It's OK To Be Vain About Veins

two women sitting in chairs with their legs crossedIf you worry about varicose veins, you’re not alone. More than half of Americans over age 50 have varicose veins, and half of those have a family history of the condition. So, what causes varicose veins and how can you treat them?

What are varicose veins?

Varicose veins are twisted, swollen blood vessels commonly found in the legs and feet. They can be seen and felt through the skin, often appearing as blue or dark purple cords.

What are the causes?

First, let’s look at how the veins in your legs work. After other blood vessels bring blood down into your legs and feet, the veins have the gravity-defying job of taking that blood back up to your heart. To do this, they have a series of one-way valves that open to let blood up, and close to keep it from flowing back down. If the walls of the veins are weakened, they stretch out and prevent the valves from closing properly. The result is blood that begins to flow backward and pool in the veins, causing more stretching and swelling, and ultimately, twisting as the veins try to fit into their assigned space.

What are the symptoms of varicose veins?

Some people may have no symptoms, other than seeing the veins, while others may experience pain and discomfort. Common symptoms include:

  • Aching legs or a “heavy” feeling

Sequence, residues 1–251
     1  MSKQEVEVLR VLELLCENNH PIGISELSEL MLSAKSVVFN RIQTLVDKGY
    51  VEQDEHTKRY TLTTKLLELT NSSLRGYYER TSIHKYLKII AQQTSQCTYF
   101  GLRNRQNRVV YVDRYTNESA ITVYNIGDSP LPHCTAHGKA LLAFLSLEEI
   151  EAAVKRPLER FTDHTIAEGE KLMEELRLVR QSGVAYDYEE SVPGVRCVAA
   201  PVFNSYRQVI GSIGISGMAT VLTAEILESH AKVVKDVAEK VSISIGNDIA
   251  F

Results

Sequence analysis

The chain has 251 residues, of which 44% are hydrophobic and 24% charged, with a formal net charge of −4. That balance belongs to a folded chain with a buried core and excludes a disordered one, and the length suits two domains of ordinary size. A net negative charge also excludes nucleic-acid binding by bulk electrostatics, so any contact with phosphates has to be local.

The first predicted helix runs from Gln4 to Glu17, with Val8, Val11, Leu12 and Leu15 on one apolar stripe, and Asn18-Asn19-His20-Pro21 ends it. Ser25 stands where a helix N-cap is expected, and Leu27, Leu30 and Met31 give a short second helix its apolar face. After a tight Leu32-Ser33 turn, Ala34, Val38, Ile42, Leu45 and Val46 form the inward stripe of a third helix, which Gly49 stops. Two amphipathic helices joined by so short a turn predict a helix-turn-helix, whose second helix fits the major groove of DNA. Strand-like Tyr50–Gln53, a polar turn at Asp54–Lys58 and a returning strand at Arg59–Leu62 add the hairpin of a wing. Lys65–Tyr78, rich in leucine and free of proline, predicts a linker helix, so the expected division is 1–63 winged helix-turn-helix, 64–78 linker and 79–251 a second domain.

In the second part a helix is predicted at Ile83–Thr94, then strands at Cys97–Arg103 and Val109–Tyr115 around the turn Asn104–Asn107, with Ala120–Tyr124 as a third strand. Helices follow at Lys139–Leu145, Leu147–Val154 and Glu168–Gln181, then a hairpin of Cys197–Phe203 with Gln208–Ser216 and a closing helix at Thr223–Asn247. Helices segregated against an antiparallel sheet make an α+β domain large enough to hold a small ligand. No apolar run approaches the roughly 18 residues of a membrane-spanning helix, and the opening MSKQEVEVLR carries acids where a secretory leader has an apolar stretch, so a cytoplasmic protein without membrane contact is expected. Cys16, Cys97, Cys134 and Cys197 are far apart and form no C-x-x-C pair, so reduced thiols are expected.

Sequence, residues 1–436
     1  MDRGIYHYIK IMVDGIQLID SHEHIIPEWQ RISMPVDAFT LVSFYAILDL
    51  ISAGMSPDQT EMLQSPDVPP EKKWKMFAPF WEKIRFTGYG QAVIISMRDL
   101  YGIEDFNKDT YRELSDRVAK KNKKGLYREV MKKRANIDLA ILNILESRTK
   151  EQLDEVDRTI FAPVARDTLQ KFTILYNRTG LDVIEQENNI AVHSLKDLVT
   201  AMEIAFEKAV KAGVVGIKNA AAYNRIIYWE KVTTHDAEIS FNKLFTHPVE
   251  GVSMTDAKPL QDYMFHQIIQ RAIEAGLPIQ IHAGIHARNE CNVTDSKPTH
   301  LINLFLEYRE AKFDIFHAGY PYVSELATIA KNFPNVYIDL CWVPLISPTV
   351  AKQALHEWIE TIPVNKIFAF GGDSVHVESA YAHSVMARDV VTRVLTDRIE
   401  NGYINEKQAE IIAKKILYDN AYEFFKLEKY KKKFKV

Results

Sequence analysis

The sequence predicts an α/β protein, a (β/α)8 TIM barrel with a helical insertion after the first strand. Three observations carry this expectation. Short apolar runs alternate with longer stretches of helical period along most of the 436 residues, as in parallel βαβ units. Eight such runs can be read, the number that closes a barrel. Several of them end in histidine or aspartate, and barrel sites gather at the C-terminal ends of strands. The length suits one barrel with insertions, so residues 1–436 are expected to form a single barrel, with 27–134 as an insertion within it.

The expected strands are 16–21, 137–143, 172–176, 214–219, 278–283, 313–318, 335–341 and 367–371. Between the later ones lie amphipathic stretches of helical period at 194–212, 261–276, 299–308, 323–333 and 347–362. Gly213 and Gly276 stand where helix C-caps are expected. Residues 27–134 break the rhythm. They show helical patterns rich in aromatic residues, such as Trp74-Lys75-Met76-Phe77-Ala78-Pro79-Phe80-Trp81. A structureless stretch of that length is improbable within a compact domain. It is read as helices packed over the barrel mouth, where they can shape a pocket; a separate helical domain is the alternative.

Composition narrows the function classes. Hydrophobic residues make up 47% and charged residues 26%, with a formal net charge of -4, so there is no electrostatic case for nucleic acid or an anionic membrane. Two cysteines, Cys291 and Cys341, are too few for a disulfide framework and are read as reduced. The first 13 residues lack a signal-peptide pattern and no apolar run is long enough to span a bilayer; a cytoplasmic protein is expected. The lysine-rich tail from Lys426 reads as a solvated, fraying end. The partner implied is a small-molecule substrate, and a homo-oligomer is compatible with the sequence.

• Pain that gets worse after sitting or standing
  • Swelling, along with a cramping, throbbing or burning feeling in the legs
  • Itching around the veins
  • Spots of pain, sometimes with red, inflamed areas on the skin

How can I care for my varicose veins?

If you aren’t experiencing any pain, or if you have only mild pain and swelling, you can ease your symptoms at home by wearing compression socks and elevating your legs. Walking and other low-impact exercise that gets your legs moving will improve blood flow.

Preventing varicose veins

You may not be able to totally prevent varicose veins from forming, but you can reduce your chances by taking these steps now:

  • Avoid sitting or standing for long periods.
  • When you do sit, don’t cross your legs.
  • Achieve and/or maintain a healthy weight.
  • Avoid wearing high-heeled shoes for long periods.
  • Steer clear of tight clothing, especially around your waist, hips and legs.